After moving to New York City last October, Elizabeth immediately stopped taking hormonal birth control pills. A previous long-term relationship was the main reason she went on the pill. Elizabeth had ended that relationship before moving to New York. She figured its conclusion presented an opportunity to determine whether her anxiety would reduce if she stopped taking the pill.
Elizabeth suspected ingesting hormonal birth control pills contributed to her anxiety. As such, she wanted to find out whether her propensity to panic whenever she was stressed would reduce once she went off the pill. Elizabeth also hoped going off the pill would alleviate her need for lube while getting it on. However, Elizabeth was nervous, especially since going off the pill meant she would solely rely on condoms to prevent pregnancy.
She was, however, willing to try anything that could offer some help with her excessive anxiousness. About three months after going off the pill, Elizabeth felt like it was the best decision she ever made for her mental health.
Listed below are five changes that occurred once she stopped taking hormonal birth control pills.
1. Decreased levels of anxiety
According to Elizabeth, the longer she was on the pill, the more her anxiety grew and the worse she got at managing it. Her experience was because she had struggled with anxiety since childhood. Although she admits that the four years she was on the pill would probably have been stressful, she is now sure it made her anxiety worse.
Although Elizabeth still has stressors in her life, she also has a lot less panic. Despite going off the pill, she still feels anxious at times. However, she seems way more capable of dealing with her considerably reduced levels of anxiety. Noticing a difference after cutting down the amount of estrogen in your body makes perfect sense, especially since estrogen contributes to anxiety.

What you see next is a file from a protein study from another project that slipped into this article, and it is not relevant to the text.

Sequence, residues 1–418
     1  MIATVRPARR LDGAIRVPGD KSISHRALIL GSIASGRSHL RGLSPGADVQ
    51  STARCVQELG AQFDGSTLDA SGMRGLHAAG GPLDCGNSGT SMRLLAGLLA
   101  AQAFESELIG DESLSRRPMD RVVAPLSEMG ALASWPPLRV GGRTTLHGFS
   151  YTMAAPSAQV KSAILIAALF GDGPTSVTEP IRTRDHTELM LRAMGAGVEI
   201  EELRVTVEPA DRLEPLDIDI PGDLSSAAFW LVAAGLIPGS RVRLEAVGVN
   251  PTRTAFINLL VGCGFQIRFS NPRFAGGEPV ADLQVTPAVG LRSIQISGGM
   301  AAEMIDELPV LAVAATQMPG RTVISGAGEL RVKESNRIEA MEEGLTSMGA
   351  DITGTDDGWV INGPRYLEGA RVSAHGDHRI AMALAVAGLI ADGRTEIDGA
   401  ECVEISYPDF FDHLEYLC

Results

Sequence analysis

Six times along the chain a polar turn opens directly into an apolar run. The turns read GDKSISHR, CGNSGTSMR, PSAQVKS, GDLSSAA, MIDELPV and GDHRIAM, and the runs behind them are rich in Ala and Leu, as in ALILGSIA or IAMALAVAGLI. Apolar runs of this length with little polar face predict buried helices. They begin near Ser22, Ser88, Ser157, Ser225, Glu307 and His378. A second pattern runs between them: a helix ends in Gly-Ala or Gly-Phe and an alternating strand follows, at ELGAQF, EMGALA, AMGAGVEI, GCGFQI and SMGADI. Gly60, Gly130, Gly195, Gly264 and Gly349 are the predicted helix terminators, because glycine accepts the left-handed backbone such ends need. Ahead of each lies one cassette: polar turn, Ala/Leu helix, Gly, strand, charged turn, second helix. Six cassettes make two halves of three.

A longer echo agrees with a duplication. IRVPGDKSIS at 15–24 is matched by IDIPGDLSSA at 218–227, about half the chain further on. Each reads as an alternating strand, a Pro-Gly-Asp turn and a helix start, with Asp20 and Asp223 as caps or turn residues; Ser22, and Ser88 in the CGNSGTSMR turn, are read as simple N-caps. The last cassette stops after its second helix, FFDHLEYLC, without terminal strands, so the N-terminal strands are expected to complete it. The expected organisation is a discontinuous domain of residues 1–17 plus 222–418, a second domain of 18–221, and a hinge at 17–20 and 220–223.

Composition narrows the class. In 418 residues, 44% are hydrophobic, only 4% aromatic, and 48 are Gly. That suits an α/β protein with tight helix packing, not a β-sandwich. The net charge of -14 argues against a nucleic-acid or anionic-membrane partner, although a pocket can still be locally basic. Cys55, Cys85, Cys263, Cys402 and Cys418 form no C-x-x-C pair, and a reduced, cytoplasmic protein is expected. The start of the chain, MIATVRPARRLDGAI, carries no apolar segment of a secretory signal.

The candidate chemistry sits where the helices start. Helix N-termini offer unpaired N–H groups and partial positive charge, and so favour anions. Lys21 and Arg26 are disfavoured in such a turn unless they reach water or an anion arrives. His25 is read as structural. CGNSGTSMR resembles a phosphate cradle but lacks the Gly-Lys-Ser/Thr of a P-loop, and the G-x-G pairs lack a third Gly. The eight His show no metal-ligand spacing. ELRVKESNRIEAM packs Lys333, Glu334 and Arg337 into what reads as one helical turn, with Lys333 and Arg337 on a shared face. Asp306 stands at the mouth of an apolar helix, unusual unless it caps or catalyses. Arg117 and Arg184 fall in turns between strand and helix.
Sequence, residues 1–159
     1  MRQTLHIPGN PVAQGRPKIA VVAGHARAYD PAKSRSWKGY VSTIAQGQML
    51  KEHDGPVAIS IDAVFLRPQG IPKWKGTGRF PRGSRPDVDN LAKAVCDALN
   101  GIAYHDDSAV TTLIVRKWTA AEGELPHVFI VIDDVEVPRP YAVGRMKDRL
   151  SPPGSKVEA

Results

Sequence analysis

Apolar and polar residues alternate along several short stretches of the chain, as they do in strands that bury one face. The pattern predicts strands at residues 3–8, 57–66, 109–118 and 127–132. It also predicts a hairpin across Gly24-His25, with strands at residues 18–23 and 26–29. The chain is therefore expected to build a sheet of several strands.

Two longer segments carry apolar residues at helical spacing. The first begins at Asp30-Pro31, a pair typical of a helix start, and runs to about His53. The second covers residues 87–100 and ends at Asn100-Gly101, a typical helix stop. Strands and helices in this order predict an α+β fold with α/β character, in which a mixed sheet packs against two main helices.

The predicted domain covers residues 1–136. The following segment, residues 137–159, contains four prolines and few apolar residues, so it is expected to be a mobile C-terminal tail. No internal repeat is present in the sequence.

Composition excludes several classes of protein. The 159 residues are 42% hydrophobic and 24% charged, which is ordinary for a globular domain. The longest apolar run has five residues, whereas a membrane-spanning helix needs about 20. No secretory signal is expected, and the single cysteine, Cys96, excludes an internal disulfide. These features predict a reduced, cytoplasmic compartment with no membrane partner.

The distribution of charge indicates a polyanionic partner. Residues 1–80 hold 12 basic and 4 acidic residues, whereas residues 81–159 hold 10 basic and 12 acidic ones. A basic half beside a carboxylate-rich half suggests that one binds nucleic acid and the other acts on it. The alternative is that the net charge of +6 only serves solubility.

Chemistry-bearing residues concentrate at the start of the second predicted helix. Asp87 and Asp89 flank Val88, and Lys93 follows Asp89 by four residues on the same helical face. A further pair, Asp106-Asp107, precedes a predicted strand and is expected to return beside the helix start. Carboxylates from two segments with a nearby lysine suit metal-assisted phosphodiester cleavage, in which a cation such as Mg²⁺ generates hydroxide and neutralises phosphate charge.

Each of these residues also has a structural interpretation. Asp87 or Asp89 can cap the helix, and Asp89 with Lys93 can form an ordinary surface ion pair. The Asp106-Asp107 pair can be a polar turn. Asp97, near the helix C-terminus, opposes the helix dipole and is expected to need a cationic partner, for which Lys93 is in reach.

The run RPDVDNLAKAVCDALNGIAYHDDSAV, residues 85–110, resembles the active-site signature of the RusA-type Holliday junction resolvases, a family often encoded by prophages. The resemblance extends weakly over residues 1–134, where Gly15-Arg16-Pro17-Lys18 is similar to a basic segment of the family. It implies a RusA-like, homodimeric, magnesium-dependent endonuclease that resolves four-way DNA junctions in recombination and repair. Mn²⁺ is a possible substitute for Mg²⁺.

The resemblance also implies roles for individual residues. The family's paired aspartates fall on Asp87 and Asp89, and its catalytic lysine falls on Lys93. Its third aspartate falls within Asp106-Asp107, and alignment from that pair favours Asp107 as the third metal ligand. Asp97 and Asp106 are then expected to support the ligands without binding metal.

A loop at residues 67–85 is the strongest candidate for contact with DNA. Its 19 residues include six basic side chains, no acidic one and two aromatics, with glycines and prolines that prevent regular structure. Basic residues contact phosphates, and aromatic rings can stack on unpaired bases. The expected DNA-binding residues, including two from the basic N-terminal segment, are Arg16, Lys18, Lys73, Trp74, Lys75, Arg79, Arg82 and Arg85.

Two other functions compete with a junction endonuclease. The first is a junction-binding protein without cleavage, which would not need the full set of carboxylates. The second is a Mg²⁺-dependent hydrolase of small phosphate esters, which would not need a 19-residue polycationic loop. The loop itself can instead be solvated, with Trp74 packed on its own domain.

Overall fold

2. Worse PMS-related sadness
Unfortunately, Elizabeth feels a lot more homesick after going off the pill compared to what she felt while taking them. However, the noticeably worse PMS-related depression does not bother Elizabeth that much. She prefers feeling blue for some days of the month to feeling super anxious every single day.
3. Getting wet is much easier
Before going on the pill, Elizabeth never had any problems with dryness. She, however, had to apply lube every time she got down for the entire time she was on the pill. Elizabeth has since noticed that she gets wetter than she did while on the pill, she also gets wet faster.
Admittedly, her dryness was partly because of the consistent lack of foreplay during her previous physically affectionate sessions. Even when adequately warmed up before getting it on, Elizabeth still needed lube to be comfortable.
4. Keeping up with her menstrual cycle is comparatively harder
Elizabeth always had and still has a regular menstrual cycle. Based on the section of Dialpak she was in, Elizabeth always knew when her periods would start. She retains a general idea of when she should get her periods. However, her birth control pills enabled an accurate determination of the exact date her menstrual cycle would begin. Fortunately, a variety of helpful apps when it comes to tracking menstrual cycles are available today.
5. A comparatively more manageable physical urge
Although Elizabeth still has a pretty high urge for physical affections, the level is comparatively less than when she was on the pill. Except when she was completely exhausted, Elizabeth usually tried to get her ex to give her some every single day. Although most women report a reduced urge for physical affection while on the pill, Elizabeth’s body reacted in a different manner to the hormones.
Although Elizabeth still loves getting it on, she no longer feels like getting some every single day, which she prefers over being randy all the time.
It is important for you to discuss going off hormonal birth control pills with your doctor before taking the plunge. As evidenced by Elizabeth’s case, going off the pill offers considerable benefits to the condition of your emotional and mental health. As such, going off the pill comes highly recommend, at least on a trial basis. It is, however, notable that your experience might not be the same as Elizabeth’s.